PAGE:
Thursday, September 29, 2011
Wednesday, September 28, 2011
We then spent the rest of the period doing a Google Docs tutorial and working on our . . .
French Revolution Simile Project
So here's how the project works. You are going to create a simile. You take a person, idea, or concept from the French Revolution (the blue print cards) and you compare it to something from modern culture (the red print cards).
So you're simile will look something like this:
THE TENNIS COURT OATH is like IN-N-OUT BURGERS because they both . . .
And then you come up with three different ways in which they are similar AND then go on to give TWO TO THREE specific examples that you cite from history as to why they are similar. You will then take this argument you are making and turn it into either a YouTube video or a Google Docs Presentation.
Here are the blue and red cards
Here is a group from my Period 4 class after they have chosen to compare the WOMEN'S MARCH ON VERSAILLES to GLEE. I'm curious to see how that one works!
Here is a student choosing cards from the wall.
Here is a group of boys who will be comparing MARIE ANTOINETTE to THE KARDASHIANS. I can definitely see the connection.
Here's the project description here:
Tuesday, September 27, 2011
Monday, September 26, 2011
So we are trying to figure out who Napoleon Bonaparte really was. We read Chapter 3, Section 4 together. In between paragraphs, we stopped to watch a couple of quick videos about his life. Here's a a quick intro.
Napoleon Intro Video (from the video game "Napoleon: Total War")
Napoleon Prepares for His Coronation
Napoleon at Waterloo - Napoleon's final battle before his second and final exile.
Napoleon: Revolutionary or Tyrant? - we never got a chance to watch this one in either class, but it's a good one!
For homework, we assigned the French Revolution Simile Video Project. It is due next Thursday, October 3. Please see me IMMEDIATELY if you were absent so we get you assigned to a group! This should be a fun project!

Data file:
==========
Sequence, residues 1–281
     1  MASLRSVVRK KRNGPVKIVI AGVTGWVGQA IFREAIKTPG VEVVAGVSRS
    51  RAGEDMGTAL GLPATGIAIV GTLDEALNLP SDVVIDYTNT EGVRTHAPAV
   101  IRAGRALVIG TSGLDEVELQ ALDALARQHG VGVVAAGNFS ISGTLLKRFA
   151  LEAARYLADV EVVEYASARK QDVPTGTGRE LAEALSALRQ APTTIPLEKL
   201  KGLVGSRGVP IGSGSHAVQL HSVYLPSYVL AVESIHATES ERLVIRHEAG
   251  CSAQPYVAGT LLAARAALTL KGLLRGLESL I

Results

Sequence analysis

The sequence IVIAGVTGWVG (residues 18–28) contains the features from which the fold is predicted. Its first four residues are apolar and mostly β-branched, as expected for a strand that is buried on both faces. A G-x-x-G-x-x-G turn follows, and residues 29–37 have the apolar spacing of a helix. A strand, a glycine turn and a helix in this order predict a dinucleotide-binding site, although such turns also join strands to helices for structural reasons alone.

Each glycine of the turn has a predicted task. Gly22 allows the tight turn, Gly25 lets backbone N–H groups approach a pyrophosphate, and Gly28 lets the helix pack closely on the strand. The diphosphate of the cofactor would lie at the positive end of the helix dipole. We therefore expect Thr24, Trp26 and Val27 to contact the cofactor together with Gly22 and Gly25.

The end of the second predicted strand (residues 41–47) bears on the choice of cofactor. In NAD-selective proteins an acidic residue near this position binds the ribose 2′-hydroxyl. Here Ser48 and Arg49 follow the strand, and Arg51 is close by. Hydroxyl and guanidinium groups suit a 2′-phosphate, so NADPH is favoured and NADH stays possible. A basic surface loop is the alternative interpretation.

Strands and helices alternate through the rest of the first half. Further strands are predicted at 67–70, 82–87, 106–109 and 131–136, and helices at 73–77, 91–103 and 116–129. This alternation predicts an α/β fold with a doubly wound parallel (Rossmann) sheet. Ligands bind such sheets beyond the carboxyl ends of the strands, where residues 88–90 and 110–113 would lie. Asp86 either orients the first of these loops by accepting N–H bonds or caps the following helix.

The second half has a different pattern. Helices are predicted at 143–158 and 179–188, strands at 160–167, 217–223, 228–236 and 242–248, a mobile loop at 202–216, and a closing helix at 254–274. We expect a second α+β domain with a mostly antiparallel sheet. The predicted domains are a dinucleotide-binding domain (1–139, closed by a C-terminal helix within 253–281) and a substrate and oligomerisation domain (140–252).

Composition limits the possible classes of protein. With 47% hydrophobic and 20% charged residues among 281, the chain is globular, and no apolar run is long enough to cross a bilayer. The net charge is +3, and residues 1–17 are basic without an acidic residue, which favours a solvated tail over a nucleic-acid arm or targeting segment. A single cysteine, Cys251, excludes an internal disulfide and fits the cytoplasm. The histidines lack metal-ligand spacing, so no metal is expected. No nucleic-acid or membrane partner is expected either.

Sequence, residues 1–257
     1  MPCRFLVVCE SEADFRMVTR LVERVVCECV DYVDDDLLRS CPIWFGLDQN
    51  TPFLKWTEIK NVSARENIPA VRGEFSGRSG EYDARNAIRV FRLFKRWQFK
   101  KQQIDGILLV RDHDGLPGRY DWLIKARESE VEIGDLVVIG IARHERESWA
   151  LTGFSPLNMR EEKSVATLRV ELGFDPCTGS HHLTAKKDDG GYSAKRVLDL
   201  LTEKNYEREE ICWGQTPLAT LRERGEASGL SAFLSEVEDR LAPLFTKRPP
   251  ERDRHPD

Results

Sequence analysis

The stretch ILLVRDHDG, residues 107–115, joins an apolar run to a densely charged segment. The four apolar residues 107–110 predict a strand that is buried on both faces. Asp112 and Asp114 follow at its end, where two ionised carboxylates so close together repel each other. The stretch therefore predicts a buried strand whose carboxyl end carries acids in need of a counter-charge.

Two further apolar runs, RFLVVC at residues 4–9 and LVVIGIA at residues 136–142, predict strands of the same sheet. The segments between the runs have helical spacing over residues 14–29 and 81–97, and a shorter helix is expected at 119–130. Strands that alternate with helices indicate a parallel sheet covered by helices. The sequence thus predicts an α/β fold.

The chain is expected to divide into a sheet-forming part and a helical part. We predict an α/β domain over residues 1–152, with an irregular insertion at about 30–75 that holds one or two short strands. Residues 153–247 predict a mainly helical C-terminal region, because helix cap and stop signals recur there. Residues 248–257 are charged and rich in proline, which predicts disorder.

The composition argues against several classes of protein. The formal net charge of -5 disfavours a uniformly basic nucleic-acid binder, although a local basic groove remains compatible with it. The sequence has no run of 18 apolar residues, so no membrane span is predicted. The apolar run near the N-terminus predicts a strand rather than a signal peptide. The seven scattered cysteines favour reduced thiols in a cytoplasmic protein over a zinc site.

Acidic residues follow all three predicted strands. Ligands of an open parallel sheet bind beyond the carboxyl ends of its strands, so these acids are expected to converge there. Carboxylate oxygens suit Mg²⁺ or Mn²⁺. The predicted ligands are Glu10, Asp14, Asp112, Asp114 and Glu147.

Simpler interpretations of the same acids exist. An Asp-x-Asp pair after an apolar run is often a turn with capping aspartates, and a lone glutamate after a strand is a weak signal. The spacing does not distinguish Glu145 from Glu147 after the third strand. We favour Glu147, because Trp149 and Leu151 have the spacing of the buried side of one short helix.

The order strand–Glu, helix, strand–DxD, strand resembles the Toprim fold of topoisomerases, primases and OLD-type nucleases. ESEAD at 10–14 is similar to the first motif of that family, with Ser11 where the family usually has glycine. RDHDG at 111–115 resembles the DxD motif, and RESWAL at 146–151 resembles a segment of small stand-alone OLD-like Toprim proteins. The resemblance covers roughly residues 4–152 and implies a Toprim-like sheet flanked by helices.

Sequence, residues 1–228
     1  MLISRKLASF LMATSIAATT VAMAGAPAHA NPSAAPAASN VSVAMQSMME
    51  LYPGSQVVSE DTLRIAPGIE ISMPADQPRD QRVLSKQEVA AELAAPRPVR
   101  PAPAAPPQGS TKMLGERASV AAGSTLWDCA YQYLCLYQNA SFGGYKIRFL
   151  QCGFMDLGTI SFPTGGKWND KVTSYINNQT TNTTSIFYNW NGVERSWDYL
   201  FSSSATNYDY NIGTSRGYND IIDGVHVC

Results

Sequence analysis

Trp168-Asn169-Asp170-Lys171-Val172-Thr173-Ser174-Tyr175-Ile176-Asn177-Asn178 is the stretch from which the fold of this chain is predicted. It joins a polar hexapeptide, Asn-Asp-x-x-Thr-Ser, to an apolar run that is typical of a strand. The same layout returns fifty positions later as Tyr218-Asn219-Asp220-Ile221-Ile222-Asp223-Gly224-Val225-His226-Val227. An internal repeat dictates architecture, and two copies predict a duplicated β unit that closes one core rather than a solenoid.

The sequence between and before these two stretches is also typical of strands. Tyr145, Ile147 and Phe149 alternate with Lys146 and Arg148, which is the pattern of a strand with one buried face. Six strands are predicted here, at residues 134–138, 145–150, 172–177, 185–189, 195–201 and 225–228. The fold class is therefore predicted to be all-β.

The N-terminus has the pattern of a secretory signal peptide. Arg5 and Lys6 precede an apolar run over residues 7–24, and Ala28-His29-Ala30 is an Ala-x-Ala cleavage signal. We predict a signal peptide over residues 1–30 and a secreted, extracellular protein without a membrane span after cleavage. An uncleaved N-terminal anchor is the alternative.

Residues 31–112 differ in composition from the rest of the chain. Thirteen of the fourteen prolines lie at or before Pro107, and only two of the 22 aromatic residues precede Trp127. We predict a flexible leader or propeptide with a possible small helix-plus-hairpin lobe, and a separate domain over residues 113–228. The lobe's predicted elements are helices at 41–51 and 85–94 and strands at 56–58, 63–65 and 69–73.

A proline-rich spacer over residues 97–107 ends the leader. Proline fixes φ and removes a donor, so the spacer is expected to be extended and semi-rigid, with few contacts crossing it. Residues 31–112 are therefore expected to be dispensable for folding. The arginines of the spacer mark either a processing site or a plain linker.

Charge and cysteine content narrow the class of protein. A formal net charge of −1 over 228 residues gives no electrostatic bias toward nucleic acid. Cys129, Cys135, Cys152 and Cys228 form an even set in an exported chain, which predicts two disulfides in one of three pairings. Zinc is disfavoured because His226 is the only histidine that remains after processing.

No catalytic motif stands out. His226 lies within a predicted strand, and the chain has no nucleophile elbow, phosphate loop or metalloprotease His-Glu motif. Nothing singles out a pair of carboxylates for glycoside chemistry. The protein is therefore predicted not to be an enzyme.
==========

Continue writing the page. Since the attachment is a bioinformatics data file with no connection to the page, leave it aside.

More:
Sunday, September 25, 2011
Thursday, September 22, 2011
Wednesday, September 21, 2011
Before starting our discussion on capital punishment and the 8th Amendment, we watched this video discussing the background of the Troy Davis case.
We then used the "death penalty" handout in the Digital File Cabinet to answer the journal.
Tuesday, September 20, 2011
Friday, September 16, 2011
Thursday, September 15, 2011
Also, the video is too long to post on YouTube so you can check out a copy of the DVD to take home if you were absent.
Finally, if you are looking for the Constitution Quick Guide, like all class handouts it can be downloaded from the Digital File Cabinet (right side of the blog).
Tags: scavenger hunt constitution three branches NBC video
1. Include your name
2. Indicate which of the Six Guiding Principles of the Constitution you chose to write about in this haiku
Please post by Wednesday, September 21.
Wednesday, September 14, 2011
We started by going over the Chapter 2 Review. This was the homework from our last class.